Moments after Raymond Cody took flight Tuesday morning, the instrument panel in his cockpit malfunctioned and his navigation system gave out. The pilot, who was flying a single-engine plane across western Colorado to Grand Junction Regional Airport, continued to head toward his original destination, but realized he had no way of notifying airport officials.
So he grabbed his cell phone and dialed the first number he could find for the airport: the Transportation Security Administration's customer service hotline. Fortunately, with the help of a TSA agent and his iPad, the pilot was able to land the plane safely without his on-board electronics, according to The Daily Sentinel.
"The airplane motor wasn't an issue of stopping, it was only the electronics in the airplane. So I had no radio, I had no navigation equipment," Cody recalled to KREX-TV.
Making the call at 8:01 a.m., Cody got in touch with Gene Manzanares, the TSA's master coordination center officer for Grand Junction, and described the emergency situation. Using an iPad app, Cody was able to track his flight path and relay his position to Manzanares, who helped coordinate the landing with the airport's control tower.
After talking on the phone for nearly a half-hour during the emergency call, Cody and Manzanares eventually met in person the following day so Cody could thank the TSA agent.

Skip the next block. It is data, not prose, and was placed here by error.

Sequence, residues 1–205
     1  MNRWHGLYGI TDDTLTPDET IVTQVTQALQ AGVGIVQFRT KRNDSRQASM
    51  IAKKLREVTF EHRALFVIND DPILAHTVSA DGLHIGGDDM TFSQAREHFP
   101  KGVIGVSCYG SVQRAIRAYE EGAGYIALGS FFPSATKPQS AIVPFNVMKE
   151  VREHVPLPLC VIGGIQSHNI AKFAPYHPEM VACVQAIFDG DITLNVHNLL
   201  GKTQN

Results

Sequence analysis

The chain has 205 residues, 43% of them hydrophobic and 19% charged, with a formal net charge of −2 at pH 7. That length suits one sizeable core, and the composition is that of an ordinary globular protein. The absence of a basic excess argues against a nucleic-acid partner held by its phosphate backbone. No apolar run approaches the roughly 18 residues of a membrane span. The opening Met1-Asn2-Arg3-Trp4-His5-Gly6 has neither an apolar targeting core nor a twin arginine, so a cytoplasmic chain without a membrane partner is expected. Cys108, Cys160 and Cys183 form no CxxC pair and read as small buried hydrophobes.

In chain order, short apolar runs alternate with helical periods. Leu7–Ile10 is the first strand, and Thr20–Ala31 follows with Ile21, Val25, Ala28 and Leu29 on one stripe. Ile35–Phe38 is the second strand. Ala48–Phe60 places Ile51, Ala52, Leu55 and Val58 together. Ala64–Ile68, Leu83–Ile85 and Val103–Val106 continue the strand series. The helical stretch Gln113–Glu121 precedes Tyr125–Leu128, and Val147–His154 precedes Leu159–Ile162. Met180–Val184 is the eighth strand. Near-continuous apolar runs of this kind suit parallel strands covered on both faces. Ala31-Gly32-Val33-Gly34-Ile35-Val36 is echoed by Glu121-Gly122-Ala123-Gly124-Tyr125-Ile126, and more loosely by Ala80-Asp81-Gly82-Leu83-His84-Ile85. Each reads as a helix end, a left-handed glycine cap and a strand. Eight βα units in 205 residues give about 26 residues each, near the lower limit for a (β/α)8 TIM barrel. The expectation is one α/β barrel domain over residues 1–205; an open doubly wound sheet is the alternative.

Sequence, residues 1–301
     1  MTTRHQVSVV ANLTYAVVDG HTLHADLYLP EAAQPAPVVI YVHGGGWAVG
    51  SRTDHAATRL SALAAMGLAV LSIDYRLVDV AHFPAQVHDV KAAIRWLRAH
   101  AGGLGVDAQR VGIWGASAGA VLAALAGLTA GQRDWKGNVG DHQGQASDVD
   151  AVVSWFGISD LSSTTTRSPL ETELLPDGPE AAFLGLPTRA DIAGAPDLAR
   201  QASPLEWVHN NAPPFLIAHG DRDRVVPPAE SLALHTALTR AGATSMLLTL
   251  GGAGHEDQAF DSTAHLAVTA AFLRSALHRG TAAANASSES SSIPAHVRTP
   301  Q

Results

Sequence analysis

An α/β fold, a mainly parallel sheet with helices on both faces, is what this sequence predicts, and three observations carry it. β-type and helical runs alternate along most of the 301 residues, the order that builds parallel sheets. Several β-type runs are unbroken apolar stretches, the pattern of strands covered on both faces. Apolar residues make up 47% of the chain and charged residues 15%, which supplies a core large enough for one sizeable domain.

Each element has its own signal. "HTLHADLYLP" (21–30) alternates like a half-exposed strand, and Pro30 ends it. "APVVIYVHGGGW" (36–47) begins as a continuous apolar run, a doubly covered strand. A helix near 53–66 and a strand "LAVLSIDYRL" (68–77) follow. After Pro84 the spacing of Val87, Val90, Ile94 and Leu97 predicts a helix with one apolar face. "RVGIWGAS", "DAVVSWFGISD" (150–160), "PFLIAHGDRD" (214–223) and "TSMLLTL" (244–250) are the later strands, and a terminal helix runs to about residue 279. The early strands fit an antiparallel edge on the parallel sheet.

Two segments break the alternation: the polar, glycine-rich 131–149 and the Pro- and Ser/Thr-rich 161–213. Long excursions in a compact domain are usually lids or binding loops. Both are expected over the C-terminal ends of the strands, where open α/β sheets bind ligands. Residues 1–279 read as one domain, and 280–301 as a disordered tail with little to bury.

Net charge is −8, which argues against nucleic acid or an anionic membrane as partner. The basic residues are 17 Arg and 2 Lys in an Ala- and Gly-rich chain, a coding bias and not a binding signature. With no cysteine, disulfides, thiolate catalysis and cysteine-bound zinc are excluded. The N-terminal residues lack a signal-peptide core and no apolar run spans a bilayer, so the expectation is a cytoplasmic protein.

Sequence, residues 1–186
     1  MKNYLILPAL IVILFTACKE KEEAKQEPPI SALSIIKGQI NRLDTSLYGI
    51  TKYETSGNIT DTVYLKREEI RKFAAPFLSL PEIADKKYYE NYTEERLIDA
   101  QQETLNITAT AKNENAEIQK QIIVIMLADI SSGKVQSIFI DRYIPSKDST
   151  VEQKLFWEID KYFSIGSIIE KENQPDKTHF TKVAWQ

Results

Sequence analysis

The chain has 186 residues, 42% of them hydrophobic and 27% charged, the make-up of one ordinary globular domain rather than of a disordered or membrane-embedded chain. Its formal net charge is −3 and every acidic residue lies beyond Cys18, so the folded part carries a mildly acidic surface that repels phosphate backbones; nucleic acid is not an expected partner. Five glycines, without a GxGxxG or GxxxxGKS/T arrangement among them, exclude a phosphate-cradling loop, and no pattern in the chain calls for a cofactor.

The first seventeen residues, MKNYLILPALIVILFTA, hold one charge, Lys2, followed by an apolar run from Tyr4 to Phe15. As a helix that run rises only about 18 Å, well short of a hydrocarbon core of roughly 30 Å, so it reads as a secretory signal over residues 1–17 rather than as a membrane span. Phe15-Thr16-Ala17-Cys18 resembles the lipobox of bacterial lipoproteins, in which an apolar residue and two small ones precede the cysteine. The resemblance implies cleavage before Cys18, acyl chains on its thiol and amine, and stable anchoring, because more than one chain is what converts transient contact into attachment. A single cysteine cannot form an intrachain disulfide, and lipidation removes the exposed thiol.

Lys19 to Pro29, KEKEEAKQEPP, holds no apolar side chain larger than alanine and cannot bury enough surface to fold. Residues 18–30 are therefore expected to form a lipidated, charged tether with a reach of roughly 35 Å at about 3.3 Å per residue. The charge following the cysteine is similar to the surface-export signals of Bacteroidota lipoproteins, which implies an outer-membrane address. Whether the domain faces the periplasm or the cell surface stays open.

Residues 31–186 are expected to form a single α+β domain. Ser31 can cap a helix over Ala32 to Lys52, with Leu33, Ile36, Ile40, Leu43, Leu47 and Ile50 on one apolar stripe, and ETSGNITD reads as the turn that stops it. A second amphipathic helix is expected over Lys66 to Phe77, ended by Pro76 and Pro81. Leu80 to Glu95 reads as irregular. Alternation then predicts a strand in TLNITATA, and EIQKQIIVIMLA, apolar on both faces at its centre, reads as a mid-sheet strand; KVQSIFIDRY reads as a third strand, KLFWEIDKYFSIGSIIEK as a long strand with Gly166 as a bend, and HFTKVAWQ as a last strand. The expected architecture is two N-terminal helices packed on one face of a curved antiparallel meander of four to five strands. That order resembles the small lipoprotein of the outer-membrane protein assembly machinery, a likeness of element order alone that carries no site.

"Gene's my hero," Cody told KKCO NBC 11 News. "He was real calm, kept me calm, and I do appreciate it."
The Federal Aviation Administration first approved the use of iPads for the pilots with a charter company in February 2011. Pilots are typically required to carry a bag of paper charts and manuals on board, but the FAA's decision had the potential to change how pilots view charts in the air.
After the charter company's successful test period, the FAA extended the iPad option, allowing FAA-authorized operators to use the tablet as an alternative to the paper charts.
Most recently, American Airline pilots were granted permission to dump their heavy bags of paper maps and charts for iPads. The flight-bag change will likely save on fuel costs -- an estimated $1.2 million annually.